Stationery sales in Johor up by 30% with reopening of schools


A customer choosing stationery at a shop in Taman Sri Tebrau. — THOMAS YONG/The Star

STATIONERY sales statewide have picked up since the reopening of schools and start of physical classes in March, says an industry association.

Johor Stationers and Booksellers Association president Annie Chia said there had been an increase of about 30% in the sales for such businesses statewide.

“During the Covid-19 pandemic, most businesses selling stationery and books, along with printing shops, were badly affected.

“Some also turned to online platforms to help supplement their income and there were a few that had shut down.

“However, since school reopened in March, we have seen an increase in sales, with more students now needing school supplies for physical classes,” she told StarMetro.

She noted that the businesses had diversified into selling hygiene products too, such as face masks, hand sanitiser and gloves, to help keep their businesses afloat during the pandemic.

Chia: Some stationery shops closed during the pandemic.Chia: Some stationery shops closed during the pandemic.

“They were able to maintain their business by selling these products, which became a basic necessity during the pandemic.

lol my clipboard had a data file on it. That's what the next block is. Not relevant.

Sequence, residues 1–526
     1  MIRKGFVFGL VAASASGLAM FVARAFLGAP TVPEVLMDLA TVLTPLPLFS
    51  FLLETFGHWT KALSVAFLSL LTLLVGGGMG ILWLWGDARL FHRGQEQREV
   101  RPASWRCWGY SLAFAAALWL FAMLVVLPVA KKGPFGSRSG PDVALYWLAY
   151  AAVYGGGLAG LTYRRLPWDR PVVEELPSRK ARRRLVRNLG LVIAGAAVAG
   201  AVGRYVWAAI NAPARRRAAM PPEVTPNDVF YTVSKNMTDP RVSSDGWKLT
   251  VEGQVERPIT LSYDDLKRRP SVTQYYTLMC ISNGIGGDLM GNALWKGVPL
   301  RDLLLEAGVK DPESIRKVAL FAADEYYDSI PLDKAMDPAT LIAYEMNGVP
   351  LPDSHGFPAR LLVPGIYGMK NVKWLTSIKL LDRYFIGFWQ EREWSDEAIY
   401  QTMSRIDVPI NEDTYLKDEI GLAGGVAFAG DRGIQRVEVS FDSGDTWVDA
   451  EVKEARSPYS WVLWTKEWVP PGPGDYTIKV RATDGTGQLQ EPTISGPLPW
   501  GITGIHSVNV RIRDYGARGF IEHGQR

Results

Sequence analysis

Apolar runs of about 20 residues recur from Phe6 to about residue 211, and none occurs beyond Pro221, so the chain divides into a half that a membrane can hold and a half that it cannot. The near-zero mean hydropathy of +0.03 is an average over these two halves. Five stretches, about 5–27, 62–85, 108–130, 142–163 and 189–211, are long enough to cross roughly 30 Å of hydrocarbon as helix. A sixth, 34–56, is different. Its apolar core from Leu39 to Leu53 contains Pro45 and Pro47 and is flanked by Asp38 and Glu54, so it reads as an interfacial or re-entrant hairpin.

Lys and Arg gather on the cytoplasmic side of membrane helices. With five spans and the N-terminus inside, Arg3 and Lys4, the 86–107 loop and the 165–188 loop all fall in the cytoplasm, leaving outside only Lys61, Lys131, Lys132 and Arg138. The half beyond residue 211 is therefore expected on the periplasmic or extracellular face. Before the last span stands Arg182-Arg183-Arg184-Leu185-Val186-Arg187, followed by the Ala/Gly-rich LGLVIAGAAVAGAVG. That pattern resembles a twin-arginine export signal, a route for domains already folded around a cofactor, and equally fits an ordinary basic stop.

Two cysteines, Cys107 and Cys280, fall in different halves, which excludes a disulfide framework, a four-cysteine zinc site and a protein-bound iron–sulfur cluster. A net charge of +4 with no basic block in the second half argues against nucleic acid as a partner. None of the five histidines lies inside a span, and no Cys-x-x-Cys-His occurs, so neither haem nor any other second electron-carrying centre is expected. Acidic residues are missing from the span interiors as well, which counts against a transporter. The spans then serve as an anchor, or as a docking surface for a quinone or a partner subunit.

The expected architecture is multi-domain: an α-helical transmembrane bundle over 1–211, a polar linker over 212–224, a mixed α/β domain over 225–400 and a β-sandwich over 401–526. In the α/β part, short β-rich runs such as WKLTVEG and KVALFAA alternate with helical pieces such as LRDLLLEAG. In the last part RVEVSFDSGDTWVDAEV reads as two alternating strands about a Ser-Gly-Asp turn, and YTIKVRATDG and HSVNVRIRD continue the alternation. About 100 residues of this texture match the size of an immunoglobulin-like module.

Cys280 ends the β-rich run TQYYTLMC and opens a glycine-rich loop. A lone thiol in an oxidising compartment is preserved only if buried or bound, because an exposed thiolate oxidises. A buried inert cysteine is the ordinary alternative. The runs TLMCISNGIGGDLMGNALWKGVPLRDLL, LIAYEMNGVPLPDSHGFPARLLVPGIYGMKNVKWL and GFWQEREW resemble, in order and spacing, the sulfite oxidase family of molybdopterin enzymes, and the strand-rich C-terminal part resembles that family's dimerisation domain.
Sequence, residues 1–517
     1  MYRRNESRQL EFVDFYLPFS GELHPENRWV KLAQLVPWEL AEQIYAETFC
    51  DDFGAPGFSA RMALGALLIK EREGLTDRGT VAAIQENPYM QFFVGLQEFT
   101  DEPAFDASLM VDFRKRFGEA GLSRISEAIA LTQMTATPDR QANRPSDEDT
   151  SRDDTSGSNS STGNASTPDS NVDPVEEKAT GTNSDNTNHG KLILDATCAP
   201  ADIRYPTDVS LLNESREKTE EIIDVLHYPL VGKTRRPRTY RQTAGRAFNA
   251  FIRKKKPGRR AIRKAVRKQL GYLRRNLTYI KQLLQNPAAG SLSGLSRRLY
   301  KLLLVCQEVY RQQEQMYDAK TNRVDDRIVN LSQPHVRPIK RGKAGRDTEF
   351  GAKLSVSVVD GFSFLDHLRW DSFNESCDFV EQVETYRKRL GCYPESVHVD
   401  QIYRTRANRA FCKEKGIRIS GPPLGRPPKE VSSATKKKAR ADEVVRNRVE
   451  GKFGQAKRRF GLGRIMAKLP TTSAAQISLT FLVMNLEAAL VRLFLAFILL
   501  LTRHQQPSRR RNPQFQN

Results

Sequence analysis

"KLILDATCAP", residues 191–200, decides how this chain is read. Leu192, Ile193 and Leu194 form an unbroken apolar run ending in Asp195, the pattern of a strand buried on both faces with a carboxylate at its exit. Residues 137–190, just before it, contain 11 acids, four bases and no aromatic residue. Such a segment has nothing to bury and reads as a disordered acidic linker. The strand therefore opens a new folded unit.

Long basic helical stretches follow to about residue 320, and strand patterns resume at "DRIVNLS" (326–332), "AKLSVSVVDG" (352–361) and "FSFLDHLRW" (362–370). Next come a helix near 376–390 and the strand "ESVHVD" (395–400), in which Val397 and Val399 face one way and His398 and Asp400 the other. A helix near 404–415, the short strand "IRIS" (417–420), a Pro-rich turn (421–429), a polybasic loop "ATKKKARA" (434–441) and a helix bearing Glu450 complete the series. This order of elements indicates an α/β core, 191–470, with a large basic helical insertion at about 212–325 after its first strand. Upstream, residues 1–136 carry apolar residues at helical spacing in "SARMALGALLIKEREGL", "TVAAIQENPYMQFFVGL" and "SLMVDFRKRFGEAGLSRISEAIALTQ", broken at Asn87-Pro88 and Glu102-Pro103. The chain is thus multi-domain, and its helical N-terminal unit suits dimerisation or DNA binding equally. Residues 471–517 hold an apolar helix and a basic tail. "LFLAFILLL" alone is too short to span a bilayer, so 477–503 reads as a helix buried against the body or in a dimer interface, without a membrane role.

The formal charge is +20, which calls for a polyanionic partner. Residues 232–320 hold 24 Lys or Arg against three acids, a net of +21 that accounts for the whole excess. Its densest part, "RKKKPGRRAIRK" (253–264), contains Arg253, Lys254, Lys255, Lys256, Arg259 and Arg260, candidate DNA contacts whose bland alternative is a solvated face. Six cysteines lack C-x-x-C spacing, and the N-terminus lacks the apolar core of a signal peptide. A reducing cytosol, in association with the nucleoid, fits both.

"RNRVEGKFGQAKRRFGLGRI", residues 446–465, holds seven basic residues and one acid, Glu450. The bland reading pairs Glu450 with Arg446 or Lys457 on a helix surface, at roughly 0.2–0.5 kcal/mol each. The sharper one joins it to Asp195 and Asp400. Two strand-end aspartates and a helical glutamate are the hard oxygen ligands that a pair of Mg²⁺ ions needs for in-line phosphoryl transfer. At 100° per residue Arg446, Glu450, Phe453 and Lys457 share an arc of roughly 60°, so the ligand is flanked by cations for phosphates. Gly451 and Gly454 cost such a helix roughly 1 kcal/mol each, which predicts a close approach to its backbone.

“Many are still selling these products at the moment.

“While there are positive signs of recovery, it will still take some time for the businesses to fully recover,” she said, adding that there were some 70 members under the association.

Chia, who is also Federation of Stationers and Booksellers Association Malaysia president, said similar improvements could be seen in other states.

Lim Mui Geak, 44, a stationery store supervisor in Taman Sri Tebrau, hopes that sales will continue to improve in the next few months.

“It is a huge relief to see more people coming to the shop these days.

“We have also been getting orders for supplies from schools since earlier this month.

“Now that the border has reopened, we are getting a lot of customers from Singapore as well.

“It is still a far cry from pre-pandemic times but a very encouraging improvement nonetheless,” Mui Geak said, adding that many parents had been coming with their children to look for school supplies lately.

Meanwhile, Andy Lim, 46, who owns a factory producing files, said there was a marginal increase in demand for his products.

“There is a slight improvement in business but we are facing other issues, such as lack of raw materials and inconsistent shipments for some materials.

“The price of raw materials has also increased and as such, some of the items sold at stationery shops is pricier by 10% to 15%,” he said.

“We hope that business will continue to improve and so far, it seems like things are moving forward,” he said, adding that his company also supplied files to other states such as Melaka and Selangor.

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